In 1992 Steve and Lisa Pointer canoed the entire length of the Columbia River. 


Not sure where the idea came from, but it developed around the notion that a voyage like this was possible. We didn’t have any canoeing experience. The river--the mighty Columbia--was slowed by 14 dams and not raging and wild, but doable for us.


We learned that the right beginnings, even if small, can lead to great results. The Columbia starts at Columbia Lake, just north of Cranbrook, BC. It starts tiny--an innocent creek rippling through a golf course--then sweetly wanders north through the Rockies for a couple hundred miles. It gradually collects power from tributaries, and by the time it reaches Astoria, 1250 miles later, it’s a few miles wide at the widest point and a major shipping channel. Lloyd’s of London rates the Columbia River bar as the third most hazardous river entrance on earth.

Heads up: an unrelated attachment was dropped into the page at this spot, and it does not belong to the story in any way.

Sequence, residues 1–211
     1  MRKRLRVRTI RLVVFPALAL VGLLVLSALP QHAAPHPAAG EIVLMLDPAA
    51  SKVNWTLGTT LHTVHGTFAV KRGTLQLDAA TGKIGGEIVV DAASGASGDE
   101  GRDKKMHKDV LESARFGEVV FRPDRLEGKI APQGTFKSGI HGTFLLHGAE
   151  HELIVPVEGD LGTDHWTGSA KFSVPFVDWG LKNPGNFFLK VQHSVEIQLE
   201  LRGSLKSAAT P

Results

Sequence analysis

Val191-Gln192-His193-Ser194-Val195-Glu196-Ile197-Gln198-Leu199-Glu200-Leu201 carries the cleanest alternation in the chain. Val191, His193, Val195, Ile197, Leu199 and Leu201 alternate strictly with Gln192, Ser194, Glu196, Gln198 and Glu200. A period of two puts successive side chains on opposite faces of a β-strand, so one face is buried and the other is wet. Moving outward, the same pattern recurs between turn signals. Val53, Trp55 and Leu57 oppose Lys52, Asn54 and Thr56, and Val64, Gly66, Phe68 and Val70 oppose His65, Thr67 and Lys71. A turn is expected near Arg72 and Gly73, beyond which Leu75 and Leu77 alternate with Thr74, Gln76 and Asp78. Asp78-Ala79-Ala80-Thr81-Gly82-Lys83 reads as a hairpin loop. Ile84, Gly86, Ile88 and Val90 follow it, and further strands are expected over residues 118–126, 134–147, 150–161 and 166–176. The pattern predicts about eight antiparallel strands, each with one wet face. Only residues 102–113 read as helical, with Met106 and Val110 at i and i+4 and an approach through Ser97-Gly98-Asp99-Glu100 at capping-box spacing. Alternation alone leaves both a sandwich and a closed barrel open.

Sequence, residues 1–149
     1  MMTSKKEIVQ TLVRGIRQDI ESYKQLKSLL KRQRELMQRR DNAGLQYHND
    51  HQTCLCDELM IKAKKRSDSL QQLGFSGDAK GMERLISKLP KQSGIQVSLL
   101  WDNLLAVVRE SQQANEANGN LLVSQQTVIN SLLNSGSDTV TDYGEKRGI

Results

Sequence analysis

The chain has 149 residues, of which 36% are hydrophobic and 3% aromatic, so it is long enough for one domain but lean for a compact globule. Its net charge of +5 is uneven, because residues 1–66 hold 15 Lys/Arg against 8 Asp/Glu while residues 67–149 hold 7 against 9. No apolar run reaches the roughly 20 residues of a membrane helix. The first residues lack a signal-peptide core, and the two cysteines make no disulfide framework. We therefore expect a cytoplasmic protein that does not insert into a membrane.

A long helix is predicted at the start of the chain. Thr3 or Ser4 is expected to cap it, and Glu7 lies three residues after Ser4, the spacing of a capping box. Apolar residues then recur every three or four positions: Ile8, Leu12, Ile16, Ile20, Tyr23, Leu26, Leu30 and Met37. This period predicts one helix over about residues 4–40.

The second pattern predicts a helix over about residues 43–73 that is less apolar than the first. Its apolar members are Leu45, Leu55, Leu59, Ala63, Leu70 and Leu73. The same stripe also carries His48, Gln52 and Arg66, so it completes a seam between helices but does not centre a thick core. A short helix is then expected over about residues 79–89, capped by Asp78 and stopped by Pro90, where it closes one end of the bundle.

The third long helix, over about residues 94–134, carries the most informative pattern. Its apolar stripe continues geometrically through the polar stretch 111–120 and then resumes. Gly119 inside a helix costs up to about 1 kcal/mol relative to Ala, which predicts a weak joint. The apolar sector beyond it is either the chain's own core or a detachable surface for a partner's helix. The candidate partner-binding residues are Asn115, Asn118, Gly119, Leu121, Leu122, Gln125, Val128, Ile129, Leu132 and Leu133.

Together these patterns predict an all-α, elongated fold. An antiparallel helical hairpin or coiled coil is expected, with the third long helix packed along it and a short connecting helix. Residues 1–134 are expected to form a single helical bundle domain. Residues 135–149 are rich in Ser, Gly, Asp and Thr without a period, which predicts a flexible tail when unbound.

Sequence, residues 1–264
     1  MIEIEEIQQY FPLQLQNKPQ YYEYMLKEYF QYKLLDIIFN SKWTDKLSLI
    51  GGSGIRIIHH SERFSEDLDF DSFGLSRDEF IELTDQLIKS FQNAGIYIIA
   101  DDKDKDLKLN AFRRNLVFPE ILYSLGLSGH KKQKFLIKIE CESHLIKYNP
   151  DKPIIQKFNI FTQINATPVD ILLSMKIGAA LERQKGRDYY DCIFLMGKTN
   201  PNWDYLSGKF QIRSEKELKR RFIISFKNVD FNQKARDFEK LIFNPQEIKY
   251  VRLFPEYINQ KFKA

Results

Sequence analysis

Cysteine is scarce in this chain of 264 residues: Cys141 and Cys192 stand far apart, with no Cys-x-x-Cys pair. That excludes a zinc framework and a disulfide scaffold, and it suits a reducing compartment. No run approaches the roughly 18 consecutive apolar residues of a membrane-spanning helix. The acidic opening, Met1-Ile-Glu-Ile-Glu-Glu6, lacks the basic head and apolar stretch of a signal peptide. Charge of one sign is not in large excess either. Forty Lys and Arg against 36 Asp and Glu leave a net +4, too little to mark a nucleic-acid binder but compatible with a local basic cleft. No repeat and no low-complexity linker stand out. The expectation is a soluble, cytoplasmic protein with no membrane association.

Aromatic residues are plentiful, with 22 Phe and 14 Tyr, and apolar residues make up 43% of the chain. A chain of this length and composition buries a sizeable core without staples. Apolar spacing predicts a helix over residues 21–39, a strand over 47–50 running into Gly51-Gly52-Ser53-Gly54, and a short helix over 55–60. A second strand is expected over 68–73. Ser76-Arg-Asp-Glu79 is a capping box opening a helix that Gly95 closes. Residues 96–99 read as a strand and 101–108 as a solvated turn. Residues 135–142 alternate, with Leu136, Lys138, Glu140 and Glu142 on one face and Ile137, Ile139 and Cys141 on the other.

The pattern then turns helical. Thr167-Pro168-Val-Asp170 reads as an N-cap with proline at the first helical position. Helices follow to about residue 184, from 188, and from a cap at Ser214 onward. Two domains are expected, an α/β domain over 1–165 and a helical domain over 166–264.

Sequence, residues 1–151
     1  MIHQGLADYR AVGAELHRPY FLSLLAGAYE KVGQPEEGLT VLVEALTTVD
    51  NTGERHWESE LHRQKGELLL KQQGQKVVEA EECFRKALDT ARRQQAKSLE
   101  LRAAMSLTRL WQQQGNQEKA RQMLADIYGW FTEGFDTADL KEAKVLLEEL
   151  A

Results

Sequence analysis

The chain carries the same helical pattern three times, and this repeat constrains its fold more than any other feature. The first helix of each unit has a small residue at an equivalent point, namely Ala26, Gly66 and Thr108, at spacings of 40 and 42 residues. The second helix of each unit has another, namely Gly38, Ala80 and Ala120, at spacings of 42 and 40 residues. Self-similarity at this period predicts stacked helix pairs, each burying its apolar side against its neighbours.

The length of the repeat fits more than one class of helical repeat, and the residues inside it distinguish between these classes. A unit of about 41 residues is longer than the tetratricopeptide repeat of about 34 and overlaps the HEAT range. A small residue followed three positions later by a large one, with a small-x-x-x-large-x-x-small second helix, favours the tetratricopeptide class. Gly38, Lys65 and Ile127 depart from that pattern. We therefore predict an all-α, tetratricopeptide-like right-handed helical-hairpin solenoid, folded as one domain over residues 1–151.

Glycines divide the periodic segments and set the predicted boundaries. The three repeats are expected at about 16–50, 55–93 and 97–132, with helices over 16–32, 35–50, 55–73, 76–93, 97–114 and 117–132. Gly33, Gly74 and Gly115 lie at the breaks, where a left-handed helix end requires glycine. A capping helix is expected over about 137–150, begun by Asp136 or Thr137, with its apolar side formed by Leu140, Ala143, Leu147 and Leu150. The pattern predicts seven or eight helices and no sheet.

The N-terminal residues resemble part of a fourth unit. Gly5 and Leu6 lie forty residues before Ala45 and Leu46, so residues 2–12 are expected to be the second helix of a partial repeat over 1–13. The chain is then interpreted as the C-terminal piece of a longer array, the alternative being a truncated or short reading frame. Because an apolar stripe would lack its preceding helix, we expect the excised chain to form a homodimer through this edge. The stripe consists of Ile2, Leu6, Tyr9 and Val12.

We learned to appreciate small achievements, like how far we came in a day and what we learned: how to paddle together, how to set up the tent in the wind, how to make a good cup of tea, how to read water and how to smell weather. The river became personalized, a being with moods and depths, struggles and joys. We learned that we could easily do without the usual amenities of living, that the river could be our home, and was, in fact, home to many beings. We learned that in addition to being husband and wife, we were best friends.


We appreciated the kindness of others. Many people helped us during our trip, from the tugboat caption who gave us food to family members who found us stranded by a storm. Friends met us on the river and kept us encouraged. We found that most people were attracted to this journey and that their heart yearned to do something similar.